A team of scientists has discovered certain patterns in genes and the immune system that precede the onset and progress of type 1 diabetes, according to their study of 400 children.
Their discovery was published in the March 31 issue of Science Translational Medicine. The work yields important information about how the immune system contributes to the early stages of type 1 diabetes (T1D), whose exact mechanisms have eluded researchers for years.
The scientists also developed a model that could predict the onset of the disease in another group of children. Although more work is needed, the results could pave the road for clinicians to administer more effective treatments and interventions during the early stages of type 1 diabetes.
"We use[d] early changes in [gene expression] patterns to predict when type 1 diabetes will be diagnosed," said Eoin McKinney, a researcher at the University of Cambridge, United Kingdom, and senior author of the new study. "Only by accurately predicting when disease will occur can new treatments be found and tested in children at the earliest stages of the autoimmune process."
Type 1 diabetes is one of the two major types of diabetes, and typically unfolds during childhood or infancy. Unlike type 2 diabetes, type 1 diabetes is autoimmune in nature, meaning it results from the actions of the body's own immune system.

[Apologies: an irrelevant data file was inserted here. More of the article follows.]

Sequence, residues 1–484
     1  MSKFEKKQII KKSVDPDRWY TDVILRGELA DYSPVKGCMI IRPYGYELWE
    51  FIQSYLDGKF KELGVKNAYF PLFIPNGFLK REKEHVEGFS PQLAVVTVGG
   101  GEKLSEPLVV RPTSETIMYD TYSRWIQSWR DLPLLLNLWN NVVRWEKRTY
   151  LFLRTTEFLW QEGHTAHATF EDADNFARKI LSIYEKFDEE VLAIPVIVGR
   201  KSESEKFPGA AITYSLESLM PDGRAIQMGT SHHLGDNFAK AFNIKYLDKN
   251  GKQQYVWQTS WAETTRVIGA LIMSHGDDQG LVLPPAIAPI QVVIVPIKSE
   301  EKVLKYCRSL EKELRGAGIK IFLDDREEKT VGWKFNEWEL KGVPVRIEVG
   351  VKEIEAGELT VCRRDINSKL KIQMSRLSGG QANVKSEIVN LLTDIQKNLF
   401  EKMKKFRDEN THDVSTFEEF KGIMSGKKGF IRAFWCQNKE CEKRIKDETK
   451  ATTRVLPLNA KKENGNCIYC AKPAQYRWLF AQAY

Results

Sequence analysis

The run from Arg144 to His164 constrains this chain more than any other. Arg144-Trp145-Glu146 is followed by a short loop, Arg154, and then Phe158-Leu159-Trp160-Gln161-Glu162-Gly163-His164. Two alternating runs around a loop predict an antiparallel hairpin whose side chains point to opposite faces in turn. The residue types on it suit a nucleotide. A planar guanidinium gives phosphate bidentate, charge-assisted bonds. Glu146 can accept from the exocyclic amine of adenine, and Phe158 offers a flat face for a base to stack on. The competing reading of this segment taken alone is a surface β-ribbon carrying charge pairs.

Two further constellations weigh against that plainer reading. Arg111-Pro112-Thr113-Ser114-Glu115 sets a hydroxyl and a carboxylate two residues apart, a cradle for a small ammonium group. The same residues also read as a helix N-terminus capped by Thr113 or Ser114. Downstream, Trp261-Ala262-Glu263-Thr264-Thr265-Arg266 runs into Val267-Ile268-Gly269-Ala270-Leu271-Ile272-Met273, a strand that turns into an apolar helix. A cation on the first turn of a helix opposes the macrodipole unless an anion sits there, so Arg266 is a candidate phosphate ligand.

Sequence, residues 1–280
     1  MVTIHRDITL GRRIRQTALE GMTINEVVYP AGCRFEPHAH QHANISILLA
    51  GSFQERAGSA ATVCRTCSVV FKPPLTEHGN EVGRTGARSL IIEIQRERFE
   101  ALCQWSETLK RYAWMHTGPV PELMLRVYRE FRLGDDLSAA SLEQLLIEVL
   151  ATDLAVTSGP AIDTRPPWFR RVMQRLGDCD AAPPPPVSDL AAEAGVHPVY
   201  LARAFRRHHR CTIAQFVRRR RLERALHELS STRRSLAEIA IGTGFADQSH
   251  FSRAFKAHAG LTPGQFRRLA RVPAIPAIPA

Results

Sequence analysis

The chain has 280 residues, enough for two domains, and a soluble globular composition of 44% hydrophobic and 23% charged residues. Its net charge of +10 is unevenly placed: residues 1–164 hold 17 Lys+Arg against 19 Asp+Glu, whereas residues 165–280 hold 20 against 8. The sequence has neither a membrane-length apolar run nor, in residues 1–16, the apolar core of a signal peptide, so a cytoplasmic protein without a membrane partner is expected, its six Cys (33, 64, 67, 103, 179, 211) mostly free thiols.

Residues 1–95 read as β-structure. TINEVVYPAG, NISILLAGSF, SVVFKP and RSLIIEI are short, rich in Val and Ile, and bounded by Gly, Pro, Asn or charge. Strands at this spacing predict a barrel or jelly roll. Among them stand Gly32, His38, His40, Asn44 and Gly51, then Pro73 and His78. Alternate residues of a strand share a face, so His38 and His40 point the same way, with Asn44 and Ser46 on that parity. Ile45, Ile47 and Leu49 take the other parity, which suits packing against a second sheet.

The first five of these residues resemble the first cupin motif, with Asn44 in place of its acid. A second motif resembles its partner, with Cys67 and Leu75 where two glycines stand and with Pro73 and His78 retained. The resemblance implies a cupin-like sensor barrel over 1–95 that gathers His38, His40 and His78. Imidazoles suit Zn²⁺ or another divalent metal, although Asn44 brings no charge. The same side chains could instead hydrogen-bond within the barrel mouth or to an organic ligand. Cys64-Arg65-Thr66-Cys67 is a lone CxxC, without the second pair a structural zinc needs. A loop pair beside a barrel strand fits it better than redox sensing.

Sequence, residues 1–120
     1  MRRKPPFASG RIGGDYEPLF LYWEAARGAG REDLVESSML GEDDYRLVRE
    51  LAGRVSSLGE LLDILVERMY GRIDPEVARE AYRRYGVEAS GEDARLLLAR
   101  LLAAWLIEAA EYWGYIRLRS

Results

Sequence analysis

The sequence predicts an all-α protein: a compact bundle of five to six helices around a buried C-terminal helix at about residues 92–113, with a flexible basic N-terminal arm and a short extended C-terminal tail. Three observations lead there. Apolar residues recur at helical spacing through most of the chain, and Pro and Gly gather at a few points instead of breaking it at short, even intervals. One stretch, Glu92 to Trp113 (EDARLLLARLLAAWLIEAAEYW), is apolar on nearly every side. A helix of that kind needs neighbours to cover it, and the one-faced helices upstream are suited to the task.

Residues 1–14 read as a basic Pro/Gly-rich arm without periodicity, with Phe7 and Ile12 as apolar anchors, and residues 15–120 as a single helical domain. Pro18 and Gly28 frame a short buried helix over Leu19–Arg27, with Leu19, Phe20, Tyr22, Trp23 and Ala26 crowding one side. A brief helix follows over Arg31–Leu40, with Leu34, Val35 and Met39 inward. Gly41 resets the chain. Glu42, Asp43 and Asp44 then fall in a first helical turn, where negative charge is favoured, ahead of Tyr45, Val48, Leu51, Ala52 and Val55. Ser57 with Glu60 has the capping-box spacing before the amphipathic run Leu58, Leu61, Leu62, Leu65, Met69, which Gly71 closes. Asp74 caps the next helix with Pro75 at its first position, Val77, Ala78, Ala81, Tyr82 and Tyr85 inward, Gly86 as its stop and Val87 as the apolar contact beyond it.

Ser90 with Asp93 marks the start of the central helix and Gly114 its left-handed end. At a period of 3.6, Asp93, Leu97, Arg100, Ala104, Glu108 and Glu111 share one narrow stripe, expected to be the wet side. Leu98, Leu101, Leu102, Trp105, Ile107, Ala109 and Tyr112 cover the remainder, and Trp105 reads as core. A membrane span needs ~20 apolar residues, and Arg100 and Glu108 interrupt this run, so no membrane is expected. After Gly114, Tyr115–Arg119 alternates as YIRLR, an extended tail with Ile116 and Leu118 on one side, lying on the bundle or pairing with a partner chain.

In children with type 1 diabetes, the immune system runs amok and starts destroying cells that secrete insulin in regions of the pancreas called islets, according to the study. The ensuing damage cripples the body's ability to produce insulin, which people depend on to control levels of blood sugar in the blood.
Type 1 diabetes imposes a major health and financial burden on affected patients, who deal with severe complications such as ketoacidosis and must continue to receive treatments for the rest of their lives to manage symptoms.
Getting to the Roots of Type 1 Diabetes
Scientists hope that intervening with therapies during the disease's earliest stages could alleviate some of this burden and relieve complications. However, early intervention depends on having a method that can predict when and how the disease might appear in high-risk individuals.
Investigators have made substantial progress in understanding the early signs of type 1 diabetes. For example, labs have created genetic risk scores that can help identify newborns with a higher risk of the disease. Recent studies have also showed that patients often display signs of autoimmunity in pancreatic islets for months or even years before diagnosis.
However, the earliest stages of the disease remain murky, according to McKinney. Researchers still don't know exactly what events trigger immune cells to target cells in the pancreas in the first place. Progress has also been slowed by the difficulty of collecting and analyzing enough samples from infants and young children.
Another puzzle centers on autoantibodies, which are secreted by immune cells and inflict much of the damage on the pancreas. Children with more autoantibodies against the pancreas have a higher risk of progressing to type 1 diabetes, but this information alone hasn't allowed scientists to predict when that person might actually develop the disease, McKinney said.